So far the focus in the Trump era has been on the undocumented. But already plans are underway in Congress to crack down on legal immigrants and refugees as well.
Whatever you think of the politics of restrictions on undocumented immigrants, it is easy to appreciate its simple salience. People who enter the country without official permission or who overstay visas are breaking the law. For a certain kind of mentality, that’s enough to justify any manner of punitive action, up to and including forcible deportation, which reverses the lawbreaking and thus heals the wound to the majesty of the law. That the offending parties are not American citizens is grounds for denying them either legal recourse or any sympathy.
But legal immigrants are a different matter. They are the people who played by the rules, got in line and waited their turn, and in general did all the things the undocumented failed to do. That is one reason politicians who rail against the undocumented often praise legal immigrants, and make them the proper subject of traditional American appreciation for the “huddled masses yearning to breathe free” and the idea of the U.S. as a melting pot.
Beneath the complaints over the many millions of undocumented immigrants there is an older, darker form of nativism focused on restricting legal immigration, especially from the swarthy ranks of non-European (or at one point, Southern European) peoples who were thought to threaten the cultural hegemony of the WASP (or, later, white folks generally). Until Donald Trump came along, Senator Jeff Sessions, your new attorney general, was the leading exponent of major cutbacks in legal immigration. Now Senators Tom Cotton and David Perdue, Republicans of Arkansas and Georgia, respectively, are bidding fair to replace him in Congress, with legislation aimed at roughly halving levels of legal immigrants and refugees to be allowed into the country.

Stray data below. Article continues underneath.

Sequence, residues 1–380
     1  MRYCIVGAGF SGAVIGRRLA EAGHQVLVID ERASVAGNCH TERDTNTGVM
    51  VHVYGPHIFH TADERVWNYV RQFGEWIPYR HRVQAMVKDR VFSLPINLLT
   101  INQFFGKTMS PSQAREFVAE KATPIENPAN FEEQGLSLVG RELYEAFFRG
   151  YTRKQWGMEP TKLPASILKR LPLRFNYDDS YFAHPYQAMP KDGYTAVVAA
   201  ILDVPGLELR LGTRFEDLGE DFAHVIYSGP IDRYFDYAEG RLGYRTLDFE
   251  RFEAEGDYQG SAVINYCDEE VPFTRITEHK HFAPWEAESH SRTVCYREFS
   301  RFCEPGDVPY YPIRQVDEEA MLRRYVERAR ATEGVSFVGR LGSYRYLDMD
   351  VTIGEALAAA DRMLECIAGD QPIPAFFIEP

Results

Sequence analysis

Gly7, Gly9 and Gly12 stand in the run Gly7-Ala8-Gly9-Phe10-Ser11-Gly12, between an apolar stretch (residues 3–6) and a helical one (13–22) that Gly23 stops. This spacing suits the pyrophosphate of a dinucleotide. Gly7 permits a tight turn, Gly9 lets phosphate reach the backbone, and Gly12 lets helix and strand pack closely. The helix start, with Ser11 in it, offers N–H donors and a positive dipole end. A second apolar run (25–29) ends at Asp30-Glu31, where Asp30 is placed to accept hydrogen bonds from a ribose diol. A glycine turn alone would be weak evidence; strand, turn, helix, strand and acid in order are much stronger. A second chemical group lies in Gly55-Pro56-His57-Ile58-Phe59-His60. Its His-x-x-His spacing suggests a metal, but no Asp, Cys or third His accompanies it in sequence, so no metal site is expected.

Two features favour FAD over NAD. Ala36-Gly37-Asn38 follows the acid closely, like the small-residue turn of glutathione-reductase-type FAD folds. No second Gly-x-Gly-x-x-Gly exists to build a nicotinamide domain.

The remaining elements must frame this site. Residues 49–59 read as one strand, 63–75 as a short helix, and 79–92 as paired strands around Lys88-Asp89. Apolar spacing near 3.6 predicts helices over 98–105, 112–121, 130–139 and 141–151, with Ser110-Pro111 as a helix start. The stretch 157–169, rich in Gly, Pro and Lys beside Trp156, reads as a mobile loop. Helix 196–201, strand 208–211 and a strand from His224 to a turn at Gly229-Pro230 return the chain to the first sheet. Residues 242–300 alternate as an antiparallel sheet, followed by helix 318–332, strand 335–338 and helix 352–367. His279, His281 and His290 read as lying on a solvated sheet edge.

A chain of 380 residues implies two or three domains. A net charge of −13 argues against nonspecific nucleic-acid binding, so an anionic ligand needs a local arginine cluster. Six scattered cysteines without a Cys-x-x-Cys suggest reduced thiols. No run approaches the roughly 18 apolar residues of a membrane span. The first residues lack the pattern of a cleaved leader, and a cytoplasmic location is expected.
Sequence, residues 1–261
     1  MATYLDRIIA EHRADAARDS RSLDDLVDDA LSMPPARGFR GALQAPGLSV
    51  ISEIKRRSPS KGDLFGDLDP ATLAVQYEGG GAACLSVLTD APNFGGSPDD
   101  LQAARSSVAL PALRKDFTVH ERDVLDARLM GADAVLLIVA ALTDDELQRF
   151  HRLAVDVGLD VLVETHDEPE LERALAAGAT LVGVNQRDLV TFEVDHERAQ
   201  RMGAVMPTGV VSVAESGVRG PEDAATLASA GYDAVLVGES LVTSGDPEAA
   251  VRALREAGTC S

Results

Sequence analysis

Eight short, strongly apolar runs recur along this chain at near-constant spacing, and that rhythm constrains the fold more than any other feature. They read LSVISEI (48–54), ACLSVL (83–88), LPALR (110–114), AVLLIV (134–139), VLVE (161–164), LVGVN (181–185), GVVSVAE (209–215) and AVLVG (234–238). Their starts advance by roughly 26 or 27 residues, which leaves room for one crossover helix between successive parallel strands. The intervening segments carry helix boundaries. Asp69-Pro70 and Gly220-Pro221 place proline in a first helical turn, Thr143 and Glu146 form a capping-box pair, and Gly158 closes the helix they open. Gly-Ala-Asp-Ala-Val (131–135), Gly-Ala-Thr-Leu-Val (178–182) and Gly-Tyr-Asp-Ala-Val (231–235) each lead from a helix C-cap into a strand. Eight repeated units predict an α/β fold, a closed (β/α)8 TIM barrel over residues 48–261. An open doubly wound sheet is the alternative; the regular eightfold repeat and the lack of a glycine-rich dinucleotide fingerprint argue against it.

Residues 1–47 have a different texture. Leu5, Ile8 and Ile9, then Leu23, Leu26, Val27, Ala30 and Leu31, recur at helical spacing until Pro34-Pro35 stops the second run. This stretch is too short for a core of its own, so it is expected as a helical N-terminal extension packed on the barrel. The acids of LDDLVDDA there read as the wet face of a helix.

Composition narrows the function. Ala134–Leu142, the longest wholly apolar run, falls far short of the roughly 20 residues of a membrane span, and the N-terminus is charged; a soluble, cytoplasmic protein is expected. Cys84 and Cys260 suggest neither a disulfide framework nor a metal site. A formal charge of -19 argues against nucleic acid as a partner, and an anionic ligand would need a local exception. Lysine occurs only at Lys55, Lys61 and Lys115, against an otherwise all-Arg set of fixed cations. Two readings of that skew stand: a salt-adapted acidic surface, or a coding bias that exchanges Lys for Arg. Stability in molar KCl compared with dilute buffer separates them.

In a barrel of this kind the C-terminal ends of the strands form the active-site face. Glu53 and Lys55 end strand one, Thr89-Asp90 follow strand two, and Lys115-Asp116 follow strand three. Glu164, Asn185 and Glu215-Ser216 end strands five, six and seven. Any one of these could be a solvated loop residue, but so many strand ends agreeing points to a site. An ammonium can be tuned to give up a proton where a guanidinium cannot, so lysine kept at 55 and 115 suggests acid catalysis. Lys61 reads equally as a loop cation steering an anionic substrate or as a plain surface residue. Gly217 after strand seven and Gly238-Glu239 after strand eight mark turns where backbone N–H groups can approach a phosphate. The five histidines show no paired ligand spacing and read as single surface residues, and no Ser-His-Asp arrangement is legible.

The bill, “Reforming American Immigration for Strong Employment Act” (RAISE Act), would limit the number of family-based visas so that only spouses and unmarried minor children of citizens and permanent residents can get green cards. Currently the law also allows for parents of citizens, as well as siblings, both married and unmarried children over 21, along with their spouses and minor children….
The two senators also want to nix the diversity lottery, which grants 50,000 visas each year to people from countries with low rates of immigration to the United States.
Thirdly, their bill would cap the refugee program at 50,000. According to Pew, the US allowed in 84,995 refugees in the fiscal year which ended in September 2016, the most in any year during the Obama administration.
A separate feature of the Cotton-Perdue plan is to move the system for legal immigration away from its current basis on family unification toward what is described as a “merit” system. This would appear to ameliorate fears among business-oriented Republicans that corporate needs for skilled immigrant labor would be rejected. But both business lobbyists and market-oriented economists believe unskilled immigrant labor is important, too, as a report from Politico notes:
“Economists overwhelmingly think that immigration is good for the economy. That’s not just true at the high-skilled, but low-skilled level,” said Jeremy Robbins, the executive director of the Partnership for a New American Economy, the pro-reform group led by former New York City Mayor Michael Bloomberg.